I don't think I posited any rights anywhere - what rights do you think are implied by my arguments?

(If you're interested in this, it might be better off in another thread?)

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Ratfeeder 12:30 Sun
In reply to Jon Stewart:

> But on the other had we're sometimes faced with situations where we're not just acting on instinct, diving into a ponds to save a drowning child, or deciding not to harvest the organs of the chap next door with no mates. We have to actually work out rationally what the best thing to do is, particularly where that's going to affect a lot people, i.e. in policy. This is where you need consequentialism.

> There just is no other way to justify one choice over another. What's the best policy? It's always the one that that leads to the least suffering. Where should you put resources? Where they can be most effective at alleviating or avoiding suffering. To me this is just so obvious it shouldn't even need to be said. 

Absolutely. Public policy has to be derived from an impersonal perspective, unlike the decisions we make as individuals in our everyday lives. So some form of consequentialism is the most rational framework from a policy-making point of view. The form you mention - that of minimizing suffering - is actually negative consequentialism (more usually referred to as negative utilitarianism), as opposed to classical utilitarianism, which seeks to maximize aggregate happiness or welfare. You'll appreciate that minimizing suffering is not necessarily compatible with maximizing happiness / pleasure / welfare. I happen to agree with you that the negative version is the right one, especially under present circumstances.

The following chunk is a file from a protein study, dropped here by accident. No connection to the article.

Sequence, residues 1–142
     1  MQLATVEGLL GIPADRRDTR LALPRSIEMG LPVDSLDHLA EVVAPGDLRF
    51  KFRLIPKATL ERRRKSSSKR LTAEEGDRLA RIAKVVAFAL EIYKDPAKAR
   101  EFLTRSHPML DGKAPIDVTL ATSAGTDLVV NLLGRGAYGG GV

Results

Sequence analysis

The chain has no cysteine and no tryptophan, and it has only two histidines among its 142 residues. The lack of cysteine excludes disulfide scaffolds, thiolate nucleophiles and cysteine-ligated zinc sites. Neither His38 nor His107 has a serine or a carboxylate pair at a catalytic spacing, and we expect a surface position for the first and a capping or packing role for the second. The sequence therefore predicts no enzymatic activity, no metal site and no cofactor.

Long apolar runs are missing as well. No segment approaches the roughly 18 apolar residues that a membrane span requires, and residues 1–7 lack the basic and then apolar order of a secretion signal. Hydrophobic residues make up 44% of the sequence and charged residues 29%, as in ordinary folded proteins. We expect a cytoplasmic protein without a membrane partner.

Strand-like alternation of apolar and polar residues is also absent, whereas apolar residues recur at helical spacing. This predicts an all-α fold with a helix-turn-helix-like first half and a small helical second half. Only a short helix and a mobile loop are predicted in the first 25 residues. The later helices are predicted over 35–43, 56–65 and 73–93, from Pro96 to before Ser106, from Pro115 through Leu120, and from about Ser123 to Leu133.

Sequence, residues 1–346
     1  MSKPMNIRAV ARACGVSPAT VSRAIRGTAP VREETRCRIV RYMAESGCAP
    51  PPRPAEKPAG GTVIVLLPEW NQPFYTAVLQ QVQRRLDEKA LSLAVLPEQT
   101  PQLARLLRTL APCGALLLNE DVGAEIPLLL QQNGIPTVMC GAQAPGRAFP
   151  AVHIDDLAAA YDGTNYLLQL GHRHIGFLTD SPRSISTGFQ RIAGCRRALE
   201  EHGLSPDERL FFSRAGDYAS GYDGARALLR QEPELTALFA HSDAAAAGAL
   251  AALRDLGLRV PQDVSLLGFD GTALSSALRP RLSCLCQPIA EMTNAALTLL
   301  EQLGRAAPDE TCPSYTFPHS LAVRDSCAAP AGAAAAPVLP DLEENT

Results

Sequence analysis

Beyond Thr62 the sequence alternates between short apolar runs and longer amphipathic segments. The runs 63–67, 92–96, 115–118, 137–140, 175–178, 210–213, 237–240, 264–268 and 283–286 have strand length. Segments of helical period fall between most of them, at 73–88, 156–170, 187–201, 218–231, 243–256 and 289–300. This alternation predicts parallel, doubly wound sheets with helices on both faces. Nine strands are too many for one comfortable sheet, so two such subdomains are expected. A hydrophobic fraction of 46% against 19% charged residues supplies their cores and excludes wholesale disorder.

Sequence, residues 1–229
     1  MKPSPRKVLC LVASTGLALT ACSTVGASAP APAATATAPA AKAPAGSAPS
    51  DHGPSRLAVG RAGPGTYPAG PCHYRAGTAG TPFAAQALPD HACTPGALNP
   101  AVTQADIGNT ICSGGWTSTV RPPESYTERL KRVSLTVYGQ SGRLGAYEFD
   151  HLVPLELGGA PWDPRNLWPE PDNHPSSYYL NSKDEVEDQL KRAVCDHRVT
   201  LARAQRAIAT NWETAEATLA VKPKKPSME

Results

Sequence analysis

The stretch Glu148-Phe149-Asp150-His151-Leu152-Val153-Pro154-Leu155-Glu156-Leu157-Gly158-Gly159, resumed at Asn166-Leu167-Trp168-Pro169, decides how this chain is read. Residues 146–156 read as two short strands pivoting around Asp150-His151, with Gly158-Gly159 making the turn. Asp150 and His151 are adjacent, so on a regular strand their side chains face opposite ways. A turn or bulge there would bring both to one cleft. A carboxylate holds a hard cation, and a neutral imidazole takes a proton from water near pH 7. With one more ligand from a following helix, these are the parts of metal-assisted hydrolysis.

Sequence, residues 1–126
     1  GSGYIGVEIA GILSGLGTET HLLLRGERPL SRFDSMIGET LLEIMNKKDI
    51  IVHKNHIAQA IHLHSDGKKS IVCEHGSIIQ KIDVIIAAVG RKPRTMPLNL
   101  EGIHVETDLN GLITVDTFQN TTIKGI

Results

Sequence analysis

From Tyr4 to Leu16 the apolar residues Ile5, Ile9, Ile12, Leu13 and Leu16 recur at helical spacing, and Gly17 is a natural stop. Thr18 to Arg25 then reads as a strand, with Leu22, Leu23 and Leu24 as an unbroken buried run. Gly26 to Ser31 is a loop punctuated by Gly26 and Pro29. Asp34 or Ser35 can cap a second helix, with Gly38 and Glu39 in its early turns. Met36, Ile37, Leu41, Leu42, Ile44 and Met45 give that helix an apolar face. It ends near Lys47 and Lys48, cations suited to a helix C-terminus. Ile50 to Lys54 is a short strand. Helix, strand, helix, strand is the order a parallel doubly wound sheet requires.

However, negative consequentialism is compatible with rule-consequentialism. Policy-makers could conclude that minimizing suffering is best served by the imposition of certain rules - that a better outcome over all in those terms is more likely to be achieved by strict adherence to such rules, even if in a few particular cases disobeying them would achieve a better temporary, local result. So your objection (in previous posts) to 'rule-worship', which I also agree with, would have to be levelled as much against rule-consequentialism as against deontological absolutism (Kant). Your position, I think, is 'negative act-consequentialism'. While I'd like to point out that deontological theories do not have to be absolutist, I do think your position is thoroughly commendable. I agree with everything you've said concerning the rational focus we should be placing on the avoidance of spreading the virus, without unnecessarily restricting our freedoms and the possibility of enjoying ourselves.

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Milesy 12:36 Sun

I think a lot of people need to understand that they need to reduce their own personal risks as well. 
 

Do you know that if you fall and damage your teeth the only treatment can currently get is pain relief and extraction? 
 

If you fall and break or fracture bones you won’t be getting any treatment other than to fix the immediate injury? That includes any sort sort of surgery that might prevent you being able to participate properly again. 
 

Even going cycling comes with much greater risks to you long term now so you need to balance the long term risks with the short term gains. What would you do if you had an accident like that?